The other hypothesis focused on critical thinking, which was evaluated by examining the students’ writing for evidence of critical thinking skills. As Table 2 shows, students’ literary essays improved in all four aspects. Although modestly, the number of arguments increased for each student from the first to the second paper. They also used more literary terms. The style and quality of their papers improved simultaneously, and in the case of student 3 rather notably. While two out of three students used descriptions rather than interpretations in their evaluation at the beginning of the semester, by the end of the course all three relied on interpretative evaluations, suggesting an improvement in critical thinking. Hence, all of the students were able to apply the knowledge they acquired during the semester, such as proper use of literary terms. Although high(er) quality book reviews necessitate higher levels of critical thinking skills, the above results only allow us to presume that the observed improvements in literary criticism resulted from enhancement of critical thinking.
Table 2. Evaluation of students’ book reviews
Use of literary terms*
Style and quality†
* Frequency of arguments or literary terms used
† 10-point scale
The level of critical thinking in students’ book reviews was evaluated with the help of a modified version of Bloom’s taxonomy (Plack et al. 2007), in which attention is limited to three—rather than six—levels of critical thinking: knowledge and compression, analysis, and synthesis and evaluation. In general, all three students improved their thinking at each level from review 1 to review 2. Although the tendency to describe or state (level 1) facts or events about the reviewed books or literary approaches remained strong, the students also improved greatly in their analytical thinking (level 2). Most notably, the students did much better in synthesis and evaluation (level 3), which is of crucial importance for the genre of literary criticism. In fact, in the second review each student relied more often on skills of synthesis and evaluation than knowledge or comprehension or analysis, as opposed to the first review, when they did best in description. Thus, it is clear that the peer-learning methods developed critical thinking, which offers support for the second hypothesis.
Table 3. The levels of critical thinking in students’ book reviews based on the frequency of occurrences of each action
Knowledge and comprehension
Synthesis and evaluation
Conclude 1 Hypothesise 0
Conclude 6 Hypothesise 1
Conclude 3 Hypothesise 4
Conclude 1 Hypothesise 0
Conclude 3 Hypothesise 2
Incorporating social media into the teaching of literary criticism resulted in enhanced student learning. This is an approach to education that other fields in the social sciences and humanities could also benefit from. Teachers of sociology, economics, history, philosophy, archival studies, museum studies, or archaeology—disciplines often considered distant and disconnected from contemporary events and social media—could use the internet as an opportunity to teach, too. For example, exploring how a historical event, a sociological trend, an archaeological discovery or a philosophical approach is (mis)represented or (mis)used in the virtual world could be eye-opening for students. Similarly, students could learn to recognise how an event or fact is interpreted differently across various cultural or political contexts. The use of social media offers a chance for students to understand and cope with the fact that, despite the incontrovertible presentation of information in elementary or high school textbooks, often there are parallel truths. This would not only prepare them to be more open to other people’s opinions, but would also be foundational for becoming critical thinkers in a global age.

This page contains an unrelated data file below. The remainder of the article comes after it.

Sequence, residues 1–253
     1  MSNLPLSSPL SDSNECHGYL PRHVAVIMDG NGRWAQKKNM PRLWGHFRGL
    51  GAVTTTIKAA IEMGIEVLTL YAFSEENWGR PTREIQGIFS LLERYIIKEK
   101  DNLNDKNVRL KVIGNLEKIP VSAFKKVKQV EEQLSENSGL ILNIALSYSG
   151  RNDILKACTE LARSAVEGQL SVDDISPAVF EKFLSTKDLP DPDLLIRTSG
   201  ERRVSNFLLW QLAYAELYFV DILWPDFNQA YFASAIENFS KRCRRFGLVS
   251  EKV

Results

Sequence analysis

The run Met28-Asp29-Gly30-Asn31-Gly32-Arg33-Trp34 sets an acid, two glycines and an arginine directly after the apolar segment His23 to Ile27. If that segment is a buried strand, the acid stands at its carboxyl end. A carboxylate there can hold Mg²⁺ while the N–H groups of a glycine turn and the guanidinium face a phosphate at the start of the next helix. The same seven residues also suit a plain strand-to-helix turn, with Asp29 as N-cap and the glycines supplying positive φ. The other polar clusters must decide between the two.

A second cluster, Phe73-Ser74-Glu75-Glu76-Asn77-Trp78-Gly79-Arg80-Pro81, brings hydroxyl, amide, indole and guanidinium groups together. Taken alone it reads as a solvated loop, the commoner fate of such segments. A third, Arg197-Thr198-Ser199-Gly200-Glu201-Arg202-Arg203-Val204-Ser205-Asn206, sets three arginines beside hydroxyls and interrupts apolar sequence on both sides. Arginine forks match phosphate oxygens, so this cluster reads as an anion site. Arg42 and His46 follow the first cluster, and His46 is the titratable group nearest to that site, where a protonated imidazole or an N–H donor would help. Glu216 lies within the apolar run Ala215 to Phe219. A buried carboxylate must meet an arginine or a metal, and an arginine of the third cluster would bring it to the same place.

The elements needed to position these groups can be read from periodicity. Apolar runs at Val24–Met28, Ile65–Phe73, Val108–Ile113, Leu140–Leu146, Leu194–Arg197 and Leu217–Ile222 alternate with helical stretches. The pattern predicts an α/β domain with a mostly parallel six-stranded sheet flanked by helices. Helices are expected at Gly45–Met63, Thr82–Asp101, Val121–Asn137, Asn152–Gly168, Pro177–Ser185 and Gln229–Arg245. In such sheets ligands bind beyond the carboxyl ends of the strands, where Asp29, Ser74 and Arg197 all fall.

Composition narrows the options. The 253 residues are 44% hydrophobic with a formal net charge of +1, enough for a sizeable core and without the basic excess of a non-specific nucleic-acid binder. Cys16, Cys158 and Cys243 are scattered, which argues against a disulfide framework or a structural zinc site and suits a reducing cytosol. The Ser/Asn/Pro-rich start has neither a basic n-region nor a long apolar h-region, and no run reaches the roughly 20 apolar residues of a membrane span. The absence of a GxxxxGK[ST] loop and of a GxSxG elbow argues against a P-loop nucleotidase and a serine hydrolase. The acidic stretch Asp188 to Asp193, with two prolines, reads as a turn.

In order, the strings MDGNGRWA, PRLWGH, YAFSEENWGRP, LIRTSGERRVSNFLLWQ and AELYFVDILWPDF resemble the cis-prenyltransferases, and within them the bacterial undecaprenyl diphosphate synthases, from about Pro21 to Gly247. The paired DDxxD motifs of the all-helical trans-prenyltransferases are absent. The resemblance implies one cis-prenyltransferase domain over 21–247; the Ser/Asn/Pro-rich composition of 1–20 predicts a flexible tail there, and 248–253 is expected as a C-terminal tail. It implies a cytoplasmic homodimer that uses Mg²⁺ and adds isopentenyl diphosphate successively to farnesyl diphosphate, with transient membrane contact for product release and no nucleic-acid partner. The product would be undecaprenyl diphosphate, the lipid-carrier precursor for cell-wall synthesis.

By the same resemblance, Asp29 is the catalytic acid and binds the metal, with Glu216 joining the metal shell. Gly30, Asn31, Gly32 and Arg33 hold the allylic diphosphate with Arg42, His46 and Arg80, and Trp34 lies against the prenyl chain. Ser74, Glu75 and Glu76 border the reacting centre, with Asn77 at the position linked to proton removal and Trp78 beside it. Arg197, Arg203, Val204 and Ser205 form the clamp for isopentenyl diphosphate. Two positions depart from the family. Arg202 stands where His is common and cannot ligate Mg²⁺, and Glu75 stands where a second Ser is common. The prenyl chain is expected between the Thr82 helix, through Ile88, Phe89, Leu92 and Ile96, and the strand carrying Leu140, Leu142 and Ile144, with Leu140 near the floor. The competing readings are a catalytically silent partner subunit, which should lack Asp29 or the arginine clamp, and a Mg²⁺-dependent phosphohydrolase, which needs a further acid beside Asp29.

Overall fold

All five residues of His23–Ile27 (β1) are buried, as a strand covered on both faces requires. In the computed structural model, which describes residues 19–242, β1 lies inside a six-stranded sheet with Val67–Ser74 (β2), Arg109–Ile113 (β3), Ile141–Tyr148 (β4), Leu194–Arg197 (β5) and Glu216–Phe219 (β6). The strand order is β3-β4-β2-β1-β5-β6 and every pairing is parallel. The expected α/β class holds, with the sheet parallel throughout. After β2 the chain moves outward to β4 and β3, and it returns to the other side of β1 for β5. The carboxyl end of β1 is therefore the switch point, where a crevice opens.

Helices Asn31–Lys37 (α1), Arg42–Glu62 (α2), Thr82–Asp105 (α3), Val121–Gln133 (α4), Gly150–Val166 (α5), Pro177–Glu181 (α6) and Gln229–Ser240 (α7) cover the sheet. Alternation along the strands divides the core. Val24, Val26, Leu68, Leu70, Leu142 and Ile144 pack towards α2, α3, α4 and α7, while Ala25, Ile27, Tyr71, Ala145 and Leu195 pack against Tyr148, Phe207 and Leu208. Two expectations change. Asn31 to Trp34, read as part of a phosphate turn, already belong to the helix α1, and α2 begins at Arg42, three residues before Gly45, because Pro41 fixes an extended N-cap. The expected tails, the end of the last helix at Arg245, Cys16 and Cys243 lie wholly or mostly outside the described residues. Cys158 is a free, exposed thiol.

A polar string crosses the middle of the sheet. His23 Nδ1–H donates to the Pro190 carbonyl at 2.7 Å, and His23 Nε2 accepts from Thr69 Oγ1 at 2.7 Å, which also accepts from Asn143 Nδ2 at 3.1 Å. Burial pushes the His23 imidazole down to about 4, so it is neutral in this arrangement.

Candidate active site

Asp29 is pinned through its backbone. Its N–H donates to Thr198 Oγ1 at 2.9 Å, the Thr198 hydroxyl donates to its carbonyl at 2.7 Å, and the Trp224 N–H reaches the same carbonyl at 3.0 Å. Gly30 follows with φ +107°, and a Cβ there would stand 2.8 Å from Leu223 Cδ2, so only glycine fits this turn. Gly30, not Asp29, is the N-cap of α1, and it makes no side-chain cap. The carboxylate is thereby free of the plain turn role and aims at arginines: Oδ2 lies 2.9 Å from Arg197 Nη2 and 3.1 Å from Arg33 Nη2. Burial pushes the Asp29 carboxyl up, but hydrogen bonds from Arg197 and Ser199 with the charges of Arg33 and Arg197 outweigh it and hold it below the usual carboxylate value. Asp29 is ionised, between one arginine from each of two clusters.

This chapter showed how peer learning combined with internationalisation facilitated classroom engagement and developed students’ critical thinking. I found that turning to social media and popular contemporary literature when teaching about literary criticism was beneficial for student learning, and thus demonstrated that teaching traditional university majors in isolation from the virtual world is counterproductive. Students need to understand how what they learn is relevant for their lives to be able to excel in disciplines that are more distant from their daily experience. Peer learning in an internationalised classroom can substantially contribute to the success of such an approach.
There are still some important issues to explore in the future. First, this study is based on a small number of cases (n=3). More data is needed to ascertain that the findings herein can be generalised. It would be also intriguing to see if the teaching approach presented here can work just as well when there are 12-20 students enrolled in the course. Second, there is much to learn about the specific benefits of using ICT tools (e.g., Wooclap and Kahoot) in teaching and learning processes (Bijsmans 2020; Oulaich 2020), and, similarly, the use of social networks and its effect on students (Manca and Ranieri 2016; Evans 2013). Encouraged by the results presented in this chapter, I plan to explore these issues further in future iterations of this course and in my other courses as well.